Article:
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If the conditioned space is used for storing products (e.g. cold storage) or for carrying out certain processes, then the sensible and latent heat released by these specific products and or the processes must be added to the internal cooling loads. The sensible and latent heat release rate of a wide variety of live and dead products commonly stored in cold storages are available in air conditioning and refrigeration handbooks. Using these tables, one can estimate the required cooling capacity of cold storages. Thus using the above equations one can estimate the sensible (Qs,r), latent (Ql,r) and total cooling load (Qt,r) on the buildings. Since the load due to sunlit surfaces varies as a function of solar time, it is preferable to calculate the cooling loads at different solar times and choose the maximum load for 34 estimating the system capacity.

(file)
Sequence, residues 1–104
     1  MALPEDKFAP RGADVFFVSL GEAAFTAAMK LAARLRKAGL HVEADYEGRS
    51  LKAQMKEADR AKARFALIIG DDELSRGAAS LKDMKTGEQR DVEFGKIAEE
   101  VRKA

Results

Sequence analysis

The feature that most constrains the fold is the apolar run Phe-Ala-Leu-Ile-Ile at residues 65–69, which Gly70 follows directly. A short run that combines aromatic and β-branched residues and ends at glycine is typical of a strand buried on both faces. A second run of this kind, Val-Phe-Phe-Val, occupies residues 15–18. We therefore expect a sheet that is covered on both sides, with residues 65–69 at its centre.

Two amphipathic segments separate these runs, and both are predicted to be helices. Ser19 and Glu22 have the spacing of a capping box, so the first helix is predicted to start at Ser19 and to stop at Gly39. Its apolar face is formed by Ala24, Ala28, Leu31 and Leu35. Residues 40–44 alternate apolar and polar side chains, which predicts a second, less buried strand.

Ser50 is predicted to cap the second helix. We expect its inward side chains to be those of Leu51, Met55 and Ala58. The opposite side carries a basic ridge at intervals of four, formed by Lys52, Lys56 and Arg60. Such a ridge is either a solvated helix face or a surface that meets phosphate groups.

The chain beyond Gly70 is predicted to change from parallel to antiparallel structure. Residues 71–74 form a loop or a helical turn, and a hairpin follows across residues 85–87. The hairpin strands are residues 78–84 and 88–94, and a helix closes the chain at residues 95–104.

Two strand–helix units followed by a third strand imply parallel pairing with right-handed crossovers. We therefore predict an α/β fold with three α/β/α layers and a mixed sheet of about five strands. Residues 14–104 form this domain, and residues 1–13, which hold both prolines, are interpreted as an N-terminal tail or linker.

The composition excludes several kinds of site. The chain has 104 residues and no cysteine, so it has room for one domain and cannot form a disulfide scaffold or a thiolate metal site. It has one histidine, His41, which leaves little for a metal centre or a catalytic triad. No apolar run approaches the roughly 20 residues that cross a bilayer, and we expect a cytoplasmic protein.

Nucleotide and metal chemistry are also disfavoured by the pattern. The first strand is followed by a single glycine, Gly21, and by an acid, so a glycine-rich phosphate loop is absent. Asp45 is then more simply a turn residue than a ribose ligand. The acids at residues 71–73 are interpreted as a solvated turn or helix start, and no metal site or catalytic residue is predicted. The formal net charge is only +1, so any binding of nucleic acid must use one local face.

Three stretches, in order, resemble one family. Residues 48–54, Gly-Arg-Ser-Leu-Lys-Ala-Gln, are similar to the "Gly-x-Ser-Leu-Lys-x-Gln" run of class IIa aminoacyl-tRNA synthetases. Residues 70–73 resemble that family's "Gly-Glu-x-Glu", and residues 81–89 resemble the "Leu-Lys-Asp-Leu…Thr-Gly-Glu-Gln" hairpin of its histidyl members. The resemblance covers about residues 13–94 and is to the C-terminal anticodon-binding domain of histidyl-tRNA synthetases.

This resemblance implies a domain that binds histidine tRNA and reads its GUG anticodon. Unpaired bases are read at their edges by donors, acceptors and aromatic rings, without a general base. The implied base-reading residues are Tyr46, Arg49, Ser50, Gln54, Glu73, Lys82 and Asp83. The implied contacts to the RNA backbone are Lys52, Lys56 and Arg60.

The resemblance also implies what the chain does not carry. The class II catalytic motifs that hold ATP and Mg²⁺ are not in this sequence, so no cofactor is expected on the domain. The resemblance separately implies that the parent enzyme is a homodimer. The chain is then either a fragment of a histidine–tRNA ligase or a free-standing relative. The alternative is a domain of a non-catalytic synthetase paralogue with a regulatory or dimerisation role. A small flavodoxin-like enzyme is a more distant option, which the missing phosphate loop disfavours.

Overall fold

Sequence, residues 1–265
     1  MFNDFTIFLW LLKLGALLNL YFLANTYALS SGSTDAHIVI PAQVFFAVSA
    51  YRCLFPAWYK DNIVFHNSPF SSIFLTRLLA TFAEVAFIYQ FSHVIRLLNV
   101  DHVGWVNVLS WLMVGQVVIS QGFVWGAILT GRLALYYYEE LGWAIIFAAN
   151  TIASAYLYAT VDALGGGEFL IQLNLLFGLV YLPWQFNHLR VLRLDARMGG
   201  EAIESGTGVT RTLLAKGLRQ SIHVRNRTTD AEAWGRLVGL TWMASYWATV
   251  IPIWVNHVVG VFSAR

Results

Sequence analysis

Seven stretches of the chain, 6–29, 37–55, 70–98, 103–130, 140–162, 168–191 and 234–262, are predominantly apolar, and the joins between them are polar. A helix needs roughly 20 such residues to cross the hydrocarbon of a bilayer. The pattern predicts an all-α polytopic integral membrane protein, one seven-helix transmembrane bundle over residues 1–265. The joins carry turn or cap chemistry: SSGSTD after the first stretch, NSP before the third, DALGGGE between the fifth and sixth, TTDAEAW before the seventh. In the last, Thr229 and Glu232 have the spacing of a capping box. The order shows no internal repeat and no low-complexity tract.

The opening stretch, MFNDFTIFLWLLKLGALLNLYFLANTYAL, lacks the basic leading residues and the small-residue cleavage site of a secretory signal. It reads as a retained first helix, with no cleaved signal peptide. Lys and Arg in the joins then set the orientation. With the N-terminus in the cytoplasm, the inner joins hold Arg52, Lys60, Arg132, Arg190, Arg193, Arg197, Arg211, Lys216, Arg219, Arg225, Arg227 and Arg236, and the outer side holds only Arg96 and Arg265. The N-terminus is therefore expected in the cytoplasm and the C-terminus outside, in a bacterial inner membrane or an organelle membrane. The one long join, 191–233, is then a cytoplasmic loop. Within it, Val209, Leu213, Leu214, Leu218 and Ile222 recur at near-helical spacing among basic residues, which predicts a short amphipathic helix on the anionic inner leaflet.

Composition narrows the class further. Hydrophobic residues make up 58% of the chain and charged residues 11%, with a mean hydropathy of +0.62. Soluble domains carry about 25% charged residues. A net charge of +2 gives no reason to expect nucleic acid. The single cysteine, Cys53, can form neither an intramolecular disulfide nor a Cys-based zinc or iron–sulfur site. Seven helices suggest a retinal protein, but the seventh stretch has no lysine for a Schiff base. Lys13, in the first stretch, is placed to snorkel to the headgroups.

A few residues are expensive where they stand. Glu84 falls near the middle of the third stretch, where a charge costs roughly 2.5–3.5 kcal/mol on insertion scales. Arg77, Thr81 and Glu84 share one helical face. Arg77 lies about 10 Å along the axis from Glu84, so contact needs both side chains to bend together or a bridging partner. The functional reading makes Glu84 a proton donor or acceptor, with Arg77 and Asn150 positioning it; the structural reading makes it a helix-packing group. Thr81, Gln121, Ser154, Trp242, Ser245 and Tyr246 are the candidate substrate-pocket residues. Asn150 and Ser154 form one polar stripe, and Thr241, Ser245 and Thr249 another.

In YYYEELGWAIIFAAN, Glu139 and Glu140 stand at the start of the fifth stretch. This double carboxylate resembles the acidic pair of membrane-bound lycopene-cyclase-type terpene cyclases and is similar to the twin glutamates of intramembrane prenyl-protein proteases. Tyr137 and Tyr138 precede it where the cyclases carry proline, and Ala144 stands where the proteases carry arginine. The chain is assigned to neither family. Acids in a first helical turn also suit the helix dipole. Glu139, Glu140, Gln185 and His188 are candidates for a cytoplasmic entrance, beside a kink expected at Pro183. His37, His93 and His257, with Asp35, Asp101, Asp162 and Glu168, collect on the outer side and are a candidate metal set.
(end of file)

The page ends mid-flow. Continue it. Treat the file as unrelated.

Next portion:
Heating load calculations:


As mentioned before, conventionally steady state conditions are assumed for estimating the building heating loads and the internal heat sources are neglected. Then the procedure for heating load calculations becomes fairly simple. One has to estimate only the sensible and latent heat losses from the building walls, roof, ground, windows, doors, due to infiltration and ventilation. Equations similar to those used for cooling load calculations are used with the difference that the CLTD values are simply replaced by the design temperature difference between the conditioned space and outdoors. Since a steady state is assumed, the required heating capacity of the system is equal to the total heat loss from the building. As already mentioned, by this method, the calculated heating system capacity will always be more than the actual required cooling capacity. However, the difference may not be very high as long as the internal heat generation is not very large (i.e., when the building is not internally loaded).